Friday, November 11, 2016

Back to a more reality soon, a more vivid reality

So, after this week, which is national Children's book week in Sweden, as well as Rights of the Child week (coincidence? coordination, I do not know), I will be traveling back to the USA to visit my family and celebrate Thanksgiving.

And then after my trip, I'll be in my last month at the library. My last day of my maternity cover is December 30th. In January, I am back to my job as a fritidspedagog at a wonderful local primary school. It's literally right across the street from the library, so not too far to come back for books and to see my friends here.

So, what is a fritidspedagog, you might ask? There is not a real equivalent job in the States, because we didn't really have any real regularly planned after school programs in the 1980s when I went to primary school. We took the bus home and I had my grandma home and other children on my block had either moms or babysitters home to greet them. Nowadays, I guess they have after school teachers, but judging from the scant information I've seen on these jobs, they do not require a higher education or any kind of formal training. Nah, a fritidspedgog is more like an afterschool librarian, offering planned creative and fun more informal educational activities.

Since I've been working as a fritidspedagog, I have fallen head over heels in love with teaching. The ongoing and continual contact with the students is a gift. Being along for the journey and being a guide in the children's ongoing development is the most rewarding job I have ever had. I will absolutely take my 5 years of library experience with me to help students develop their love of reading (or to start that process), but starting in January, I'll be working more as an educator and less as a librarian in the traditional sense.

Saturday, November 5, 2016

All Saints Day

Today is All Saints Day in Sweden, and the library is closed. We don't really celebrate All Saints Day in America, but Latin Americans do celebrate Dia de los Muertos or day of the dead. So, I guess we 'Murricans bastardized it into Halloween. It's kind of a leap how honoring ones long gone loved ones morphed into costumes and trick or treating, but what can I do about it?

Anyway, the Swedes have drunk the Halloween Kool-Aid so to speak, so we had a really fun haunted house (spökvandring) at the library where we turned the basement auditorium, periodical room and archived books rooms into a haunted house that visitors wandered through.

This week I also invited the second-graders from the school I normally work at to listen to a Halloween story hour. Although I was kind of sick, my hoarse witch voice worked and I found some great shortish funny, scary and really scary ghost stories to read. I turned out the lights in the children's section, lit LED candles and read the stories with a flashlight. These things made the atmosphere cozy and spooky. Super fun!

Friday, August 26, 2016

Book bags Bokpåsar

I remember when my grandma used to do the lists for the take-away preschool book bags. She put a lot of thought into them, and wrote the lists neatly up by hand (it was the 80s and she had lovely penmanship-a lost art). I'm sitting here and doing our book bags for the drop-in nursery school in our community (öppen förskola), which is for parents to attend with their babies who are too small for state-run nursery school and often their older siblings (who are not eligible for enrollment in state run nursery while their parent or parent is on ma/paternity leave).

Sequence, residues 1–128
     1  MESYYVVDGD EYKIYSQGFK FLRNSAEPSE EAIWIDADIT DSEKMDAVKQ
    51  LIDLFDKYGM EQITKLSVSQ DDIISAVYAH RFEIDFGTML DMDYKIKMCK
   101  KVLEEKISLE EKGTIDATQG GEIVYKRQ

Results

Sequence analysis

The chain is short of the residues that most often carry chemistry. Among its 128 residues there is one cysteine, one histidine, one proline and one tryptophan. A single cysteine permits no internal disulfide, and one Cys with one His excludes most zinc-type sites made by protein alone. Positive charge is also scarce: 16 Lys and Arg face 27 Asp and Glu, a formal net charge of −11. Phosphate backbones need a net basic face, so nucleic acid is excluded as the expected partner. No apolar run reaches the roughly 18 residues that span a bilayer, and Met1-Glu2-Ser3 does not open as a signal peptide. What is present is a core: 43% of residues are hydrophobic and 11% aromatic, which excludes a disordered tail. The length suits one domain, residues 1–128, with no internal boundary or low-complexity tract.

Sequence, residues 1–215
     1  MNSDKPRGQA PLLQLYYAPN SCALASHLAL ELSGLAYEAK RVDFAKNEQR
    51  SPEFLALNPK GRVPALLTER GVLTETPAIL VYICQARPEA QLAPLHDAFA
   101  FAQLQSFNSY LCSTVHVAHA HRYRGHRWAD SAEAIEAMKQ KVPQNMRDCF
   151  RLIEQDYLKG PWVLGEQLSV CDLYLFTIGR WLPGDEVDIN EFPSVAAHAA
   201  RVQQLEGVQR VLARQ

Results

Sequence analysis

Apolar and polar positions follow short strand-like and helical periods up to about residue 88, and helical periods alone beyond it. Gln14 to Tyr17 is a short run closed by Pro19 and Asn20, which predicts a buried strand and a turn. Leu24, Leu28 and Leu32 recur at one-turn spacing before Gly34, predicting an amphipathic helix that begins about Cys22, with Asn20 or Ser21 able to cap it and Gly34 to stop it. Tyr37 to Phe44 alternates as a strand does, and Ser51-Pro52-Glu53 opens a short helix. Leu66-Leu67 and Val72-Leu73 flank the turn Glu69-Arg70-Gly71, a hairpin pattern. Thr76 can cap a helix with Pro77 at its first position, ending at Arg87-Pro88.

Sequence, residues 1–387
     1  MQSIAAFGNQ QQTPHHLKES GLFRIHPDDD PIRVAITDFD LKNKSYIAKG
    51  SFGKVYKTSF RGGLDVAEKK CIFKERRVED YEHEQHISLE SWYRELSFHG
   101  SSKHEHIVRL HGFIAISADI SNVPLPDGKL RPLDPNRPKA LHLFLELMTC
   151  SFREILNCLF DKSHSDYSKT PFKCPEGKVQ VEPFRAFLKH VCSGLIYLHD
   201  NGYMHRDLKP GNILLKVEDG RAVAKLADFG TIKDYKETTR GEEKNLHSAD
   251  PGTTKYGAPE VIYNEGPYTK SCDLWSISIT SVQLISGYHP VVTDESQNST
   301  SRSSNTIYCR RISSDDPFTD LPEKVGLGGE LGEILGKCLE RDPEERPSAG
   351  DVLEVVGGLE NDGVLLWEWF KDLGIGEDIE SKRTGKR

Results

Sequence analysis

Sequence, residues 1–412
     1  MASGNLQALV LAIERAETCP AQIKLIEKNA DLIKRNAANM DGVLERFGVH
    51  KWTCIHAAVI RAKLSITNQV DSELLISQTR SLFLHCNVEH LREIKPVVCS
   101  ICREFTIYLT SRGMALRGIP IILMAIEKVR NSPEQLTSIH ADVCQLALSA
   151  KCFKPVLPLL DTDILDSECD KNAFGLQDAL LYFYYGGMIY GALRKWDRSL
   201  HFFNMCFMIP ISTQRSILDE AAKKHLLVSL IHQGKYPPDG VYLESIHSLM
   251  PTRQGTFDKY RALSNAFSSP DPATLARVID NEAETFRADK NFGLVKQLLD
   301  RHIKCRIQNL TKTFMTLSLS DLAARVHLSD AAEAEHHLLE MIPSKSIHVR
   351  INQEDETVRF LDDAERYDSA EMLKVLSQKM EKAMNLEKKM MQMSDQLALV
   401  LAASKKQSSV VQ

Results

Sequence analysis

I'm checking out the books on my computer in my office and saying aloud the name of the books and authors like the announcement lady at the Academy Awards. I clearly need to go outside and be social haha.

Saturday, August 20, 2016

Legit Librarian

I blurred out my co-worker's name to protect her privacy. She is also a non-Swede, who grew up & educated in Southern Europe. It's fun to hear about her experience in library school and as a librarian in her native country. International perspective brings a fantastic texture to workplaces, especially cultural institutions.

Friday, August 19, 2016

Public Relations in Manhattan to Librarian in Höganäs

Yes, I was a publicist, a long time ago (1998-2008) and in a galaxy far, far away (Manhattan), but admittedly my heart was never really in it.. Sure, it was glam, sure I hobnobbed with the upper eschelons of media celebrity, sure I worked with household names,  and sure I have some stories to tell and gossip to spill (it will all be artfully covered in my memoirs one day), but I prefer my life the way it is now. In late 2007, I discovered that I was expecting my first child. It was admittedly a happy surprise, as I hadn't really planned on getting pregnant at that point, but was thrilled with the idea of starting a family. I did know that I needed to change careers though.

Late night events, journalist dinners, press junkets, being at the beck and call of my clients, I knew  that this wasn't the kind of motherhood I wanted to have. I wanted to change careers, but to what?